Negotiating Commission

We’ve all been there. Put on the spot, asked the hard question, with no escape route in sight. The dreaded questions many agents fear: “Will you reduce your commission?”

The good news is, if you’re prepared in adavnce, this is a very easy obstacle to overcome. Here are a few ways the pros handle it:

1. Show Your Experience – The majority of the time, when sellers are looking to avoid paying an agent’s commission, they’ll try to sell their home on their own. Remind sellers that by listing with an agent, they receive expert advice and experience to make sure they get the best results from their home sale. While other agents may have a lower rate, they’re likely trying to break into the market and may not be as qualified or knowledgeable as you. Let them know that, thanks to your experience, you’re able to evaluate a buyer’s ability to afford the property and negotiate in the seller’s best interest. Your job is to bring in buyers who are the best fit for the property. In addition to this, because you’re a full-time agent, you can more easily close a deal. Share your recent accomplishments with clients who question your commission rate to remind them of why they hired you. For example, you could tell them how many homes you sold in the past month. You could also show them a comparable home you just sold to give them an idea of everything you do.

2. Remind Them What You Offer – Some clients may be unaware about why you have a commission fee and may believe it’s more like a tip. Let them know that they’re paying for all of the work you do behind the scenes, such as advertising the listing, creating social media buzz, conducting pricing research, compiling the best pictures, etc. If they don’t seem to be getting the message, you can say something like, “I would love to work with you, but in order to do so, I need to cover my expenses. With your home, I can do so at X percent.” You can also show them statistics that prove agents get better prices, so the commission they pay is worth it in the end. Agents know how to competitively price a home to pique the interest of buyers. Not only this, but as an experienced real estate professional, you have the ability to put a listing in front of multiple buyers’ agents whose job it is to find homes for their clients. Without you, sellers are left trying to piece together the right information from the internet, which likely will not be as accurate.

3. Tell Them It’s Not Up to You – If you’re working within a brokerage, it’s very likely that you don’t have the option or the authority to negotiate your commission rate. Especially if you’re new to the area or to real estate in general, let your client know that you’ll discuss it with your broker and get back to them. Then, take it up with your team. Another option is to let sellers know that, if you lower your rate, the buyer’s agent could be forced to lower theirs, as well. As a result, it’s likely that fewer agents will want to show the property. If fewer people see the home, it’s very possible that they won’t receive the offers they’re hoping for. Sometimes clients don’t realize that you’re not the only one affected by lowering your commission rate.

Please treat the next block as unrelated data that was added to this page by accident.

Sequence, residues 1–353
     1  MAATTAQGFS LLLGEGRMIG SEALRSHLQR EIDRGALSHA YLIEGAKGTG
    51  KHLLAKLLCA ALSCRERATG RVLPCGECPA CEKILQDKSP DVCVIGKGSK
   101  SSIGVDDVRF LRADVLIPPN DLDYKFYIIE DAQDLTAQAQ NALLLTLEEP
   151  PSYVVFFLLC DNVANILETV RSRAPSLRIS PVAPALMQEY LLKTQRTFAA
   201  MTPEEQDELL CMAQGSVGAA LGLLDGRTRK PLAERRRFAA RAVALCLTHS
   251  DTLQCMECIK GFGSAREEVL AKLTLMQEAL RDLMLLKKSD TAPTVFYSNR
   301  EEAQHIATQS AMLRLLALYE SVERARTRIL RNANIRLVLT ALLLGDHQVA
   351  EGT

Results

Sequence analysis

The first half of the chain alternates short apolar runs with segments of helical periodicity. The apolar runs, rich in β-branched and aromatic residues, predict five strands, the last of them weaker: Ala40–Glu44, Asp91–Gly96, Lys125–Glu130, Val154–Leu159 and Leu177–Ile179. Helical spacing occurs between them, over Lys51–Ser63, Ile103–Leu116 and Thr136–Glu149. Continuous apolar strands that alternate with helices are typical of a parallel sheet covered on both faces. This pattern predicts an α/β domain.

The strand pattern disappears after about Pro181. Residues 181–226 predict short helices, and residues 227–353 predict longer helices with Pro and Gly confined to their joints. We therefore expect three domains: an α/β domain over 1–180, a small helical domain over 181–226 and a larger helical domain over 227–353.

4. When There’s a Little Wiggle Room – While most agents will avoid reducing their commission rates, there may be some times that a lower rate is actually more beneficial. If the home is a luxury property or higher-priced, agents are often more willing to take a smaller commission to make a big sale. In addition to this, if the buyer and seller are very close to an agreement and lowering your commission could seal the deal, it may be worth it to reduce your rate. Finally, if an agent makes a mistake on the listing or during the negotiations, it could be worth reducing the rate to try to keep the transaction positive.

5. Create Commission Concession Agreements – (Last Resort Option) As a requirement for the seller to receive a concession they agree in writing to sign a buyer agreement with you at the same time they are signing their listing agreement at a slightly lower commission rate. Another requirement for the seller is the agree in writing to refer a friend, family member or co-worker that is buying or selling to you in the next twelve months. The third requirement would be of the seller is leaving town and relocating to another city they agree in writing that the agent they buy with will pay you a 25 – 30% referral to you when they buy in their next location. This is a great business option to give a little and recover a little on the other end in markets where you literally have to make a commission or not get the listing and business period. Why walk from the listing and win the war but end up really losing the battle?

Do you want practice on this? Let me know and I’ll role play with you and you’ll benefit from getting better at this essential skill.

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